- The First Republican Army: The Army of Virginia and the Radicalization of the Civil War by John H. Matsui
With The First Republican Army: The Army of Virginia and the Radicalization of the Civil War, John H. Matsui delivers a useful addition to the rapidly burgeoning field of Civil War guerrilla studies. Matsui contends that the short-lived Union Army of Virginia—which existed for only three months, from June 1862 until it was absorbed into the Army of the Potomac in September 1862—performed a pivotal role in ushering in a more "pro-emancipation and punitive turn of the overall Union war effort" (p. 3). Major General John Pope's leadership, a Republican-dominated officers' corps, and an enlisted rank and file made up largely of men who also identified with the Republican Party fashioned a force whose attitudes toward the conduct of the war contrasted markedly with those of Major General George B. McClellan's heavily Democratic Army of the Potomac.
Matsui argues that Pope's elevation to command in the summer of 1862 marked a transitional moment for Union war aims. Up to this point, the primary Union force in the East, McClellan's Army of the Potomac, had adhered to conservative, Democratic policies when handling Confederate civilians and [End Page 169] property, including slaves. Radical congressional Republicans chafed at this solicitude and sought to impose tougher measures regarding rebel civilians and slavery. Pope, an antislavery Republican who had implemented such policies when dealing with Confederate guerrillas in Missouri, "was an instrument in congressional radicals' hands to destroy slavery and punish Democratic Confederates" (p. 31). Here, Matsui treads familiar ground that historians like Michael Fellman, Mark Grimsley, and Daniel E. Sutherland, among others, have explored. Matsui's more significant and substantial contribution lies in his analysis of the men of and the mission of the Army of Virginia. He rightly notes that the Army of Virginia—which, in its makeup and purpose, differed drastically from the better-studied Army of the Potomac—has drawn little scholarly attention. In contrast to the Army of the Potomac, one-third of Pope's troops hailed from western and border states, including a substantial number of Unionists. Additionally, a greater proportion of senior officers in Pope's Army of Virginia espoused Republican or antislavery values compared with the overwhelmingly Democratic-leaning Army of the Potomac. Finally, in the Army of Virginia's area of operations—central and western Virginia—Union forces contended with far higher levels of Confederate guerrilla activity and civilian harassment. All these factors, Matsui asserts, "radicalized" the Army of Virginia and made its officers and especially its enlisted men willing and eager to enact more stringent measures in support of emancipation (p. 48).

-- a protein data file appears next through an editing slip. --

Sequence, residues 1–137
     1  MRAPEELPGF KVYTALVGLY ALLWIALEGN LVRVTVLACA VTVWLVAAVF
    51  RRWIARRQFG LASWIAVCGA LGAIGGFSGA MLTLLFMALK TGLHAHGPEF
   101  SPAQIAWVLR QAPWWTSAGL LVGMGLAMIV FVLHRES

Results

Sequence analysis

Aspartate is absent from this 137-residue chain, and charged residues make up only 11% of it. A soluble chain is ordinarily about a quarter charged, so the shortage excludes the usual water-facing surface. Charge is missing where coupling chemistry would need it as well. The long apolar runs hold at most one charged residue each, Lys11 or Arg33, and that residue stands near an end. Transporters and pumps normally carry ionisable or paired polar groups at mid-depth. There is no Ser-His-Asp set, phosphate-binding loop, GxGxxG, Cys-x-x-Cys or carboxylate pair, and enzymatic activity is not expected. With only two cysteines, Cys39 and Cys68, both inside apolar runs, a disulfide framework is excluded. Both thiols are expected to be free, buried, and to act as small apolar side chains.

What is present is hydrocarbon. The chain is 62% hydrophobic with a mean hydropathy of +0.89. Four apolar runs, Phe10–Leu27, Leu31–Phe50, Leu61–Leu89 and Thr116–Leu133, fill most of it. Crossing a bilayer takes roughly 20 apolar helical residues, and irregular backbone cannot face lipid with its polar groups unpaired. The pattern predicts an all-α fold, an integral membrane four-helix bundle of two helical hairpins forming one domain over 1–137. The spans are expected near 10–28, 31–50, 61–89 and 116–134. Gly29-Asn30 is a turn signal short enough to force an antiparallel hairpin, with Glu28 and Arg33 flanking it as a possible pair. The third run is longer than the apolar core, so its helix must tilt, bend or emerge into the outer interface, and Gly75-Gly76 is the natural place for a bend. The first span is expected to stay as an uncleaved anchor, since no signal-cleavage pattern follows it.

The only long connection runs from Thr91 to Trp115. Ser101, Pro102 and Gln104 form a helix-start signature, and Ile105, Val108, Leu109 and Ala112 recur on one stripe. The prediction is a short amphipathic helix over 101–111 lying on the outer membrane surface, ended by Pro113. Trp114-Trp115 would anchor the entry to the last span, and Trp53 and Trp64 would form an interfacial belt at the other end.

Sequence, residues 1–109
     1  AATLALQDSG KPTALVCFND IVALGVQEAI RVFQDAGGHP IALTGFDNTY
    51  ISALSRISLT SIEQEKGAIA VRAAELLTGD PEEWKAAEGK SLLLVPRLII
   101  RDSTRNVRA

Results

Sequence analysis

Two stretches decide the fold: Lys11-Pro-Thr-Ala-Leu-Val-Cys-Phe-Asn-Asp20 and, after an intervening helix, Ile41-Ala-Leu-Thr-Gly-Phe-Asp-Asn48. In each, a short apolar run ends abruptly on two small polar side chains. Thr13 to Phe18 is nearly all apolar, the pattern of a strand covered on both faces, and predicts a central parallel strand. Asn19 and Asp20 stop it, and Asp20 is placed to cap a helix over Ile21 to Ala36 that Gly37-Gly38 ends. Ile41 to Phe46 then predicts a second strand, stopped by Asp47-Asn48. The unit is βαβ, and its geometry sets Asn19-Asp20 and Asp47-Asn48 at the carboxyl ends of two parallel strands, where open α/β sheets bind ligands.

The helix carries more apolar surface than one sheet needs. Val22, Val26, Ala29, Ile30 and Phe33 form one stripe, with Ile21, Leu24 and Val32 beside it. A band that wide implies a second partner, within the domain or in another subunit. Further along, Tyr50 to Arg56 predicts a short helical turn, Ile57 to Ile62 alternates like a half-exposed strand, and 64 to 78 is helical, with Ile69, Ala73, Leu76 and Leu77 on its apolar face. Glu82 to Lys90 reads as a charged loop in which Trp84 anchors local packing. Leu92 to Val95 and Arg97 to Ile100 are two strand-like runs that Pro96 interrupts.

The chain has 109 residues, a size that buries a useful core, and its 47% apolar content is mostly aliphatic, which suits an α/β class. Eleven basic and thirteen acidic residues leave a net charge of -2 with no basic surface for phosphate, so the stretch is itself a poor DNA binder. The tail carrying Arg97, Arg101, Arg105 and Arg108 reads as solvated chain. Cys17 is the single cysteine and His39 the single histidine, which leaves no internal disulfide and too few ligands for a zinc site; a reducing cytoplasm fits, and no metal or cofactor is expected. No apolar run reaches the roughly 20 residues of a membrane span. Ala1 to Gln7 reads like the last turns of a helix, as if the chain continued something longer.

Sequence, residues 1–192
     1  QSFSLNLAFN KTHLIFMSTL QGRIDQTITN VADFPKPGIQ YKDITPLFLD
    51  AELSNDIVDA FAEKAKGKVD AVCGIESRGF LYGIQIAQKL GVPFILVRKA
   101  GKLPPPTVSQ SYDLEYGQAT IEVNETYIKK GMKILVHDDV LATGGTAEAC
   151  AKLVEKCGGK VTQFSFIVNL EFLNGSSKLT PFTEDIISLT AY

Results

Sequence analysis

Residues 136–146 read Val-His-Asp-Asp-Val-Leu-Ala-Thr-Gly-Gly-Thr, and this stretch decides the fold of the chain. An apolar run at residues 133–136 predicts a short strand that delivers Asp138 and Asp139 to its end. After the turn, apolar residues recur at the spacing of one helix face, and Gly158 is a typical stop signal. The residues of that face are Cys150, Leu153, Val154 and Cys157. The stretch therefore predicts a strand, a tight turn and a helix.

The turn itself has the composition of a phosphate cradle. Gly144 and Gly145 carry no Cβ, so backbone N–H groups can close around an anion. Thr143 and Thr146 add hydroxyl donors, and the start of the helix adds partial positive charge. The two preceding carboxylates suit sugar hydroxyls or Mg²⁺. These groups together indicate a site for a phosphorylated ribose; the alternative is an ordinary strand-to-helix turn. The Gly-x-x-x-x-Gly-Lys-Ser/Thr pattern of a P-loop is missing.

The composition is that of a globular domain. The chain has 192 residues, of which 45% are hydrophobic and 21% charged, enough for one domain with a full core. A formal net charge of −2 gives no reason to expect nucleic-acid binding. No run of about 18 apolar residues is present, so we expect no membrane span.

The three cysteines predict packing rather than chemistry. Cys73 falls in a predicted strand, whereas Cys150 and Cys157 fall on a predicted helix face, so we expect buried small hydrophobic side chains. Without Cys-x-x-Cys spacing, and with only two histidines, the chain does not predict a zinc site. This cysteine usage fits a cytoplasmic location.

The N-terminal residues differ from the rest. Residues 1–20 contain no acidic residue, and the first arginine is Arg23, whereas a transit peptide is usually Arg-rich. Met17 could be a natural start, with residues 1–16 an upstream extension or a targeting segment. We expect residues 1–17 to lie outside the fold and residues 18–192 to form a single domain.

Ultimately, Matsui notes, battlefield losses doomed the Army of Virginia and temporarily blunted radicals' more expansive war aims. Nonetheless, by "consuming" the Army of Virginia into its ranks, "the Army of the Potomac also digested a spreading anti-slavery sentiment and the conviction that white southern civilians must be treated harshly if the war was to be won" (p. 152). This contention, while perhaps likely, merits further analysis to assess to what extent the Republican, antislavery Army of Virginia veterans espoused their attitudes within the revamped Army of the Potomac. On the whole, The First Republican Army offers a well-written, concise analysis of the political tensions within Federal forces at a crucial strategic moment that should prove of interest to Civil War scholars.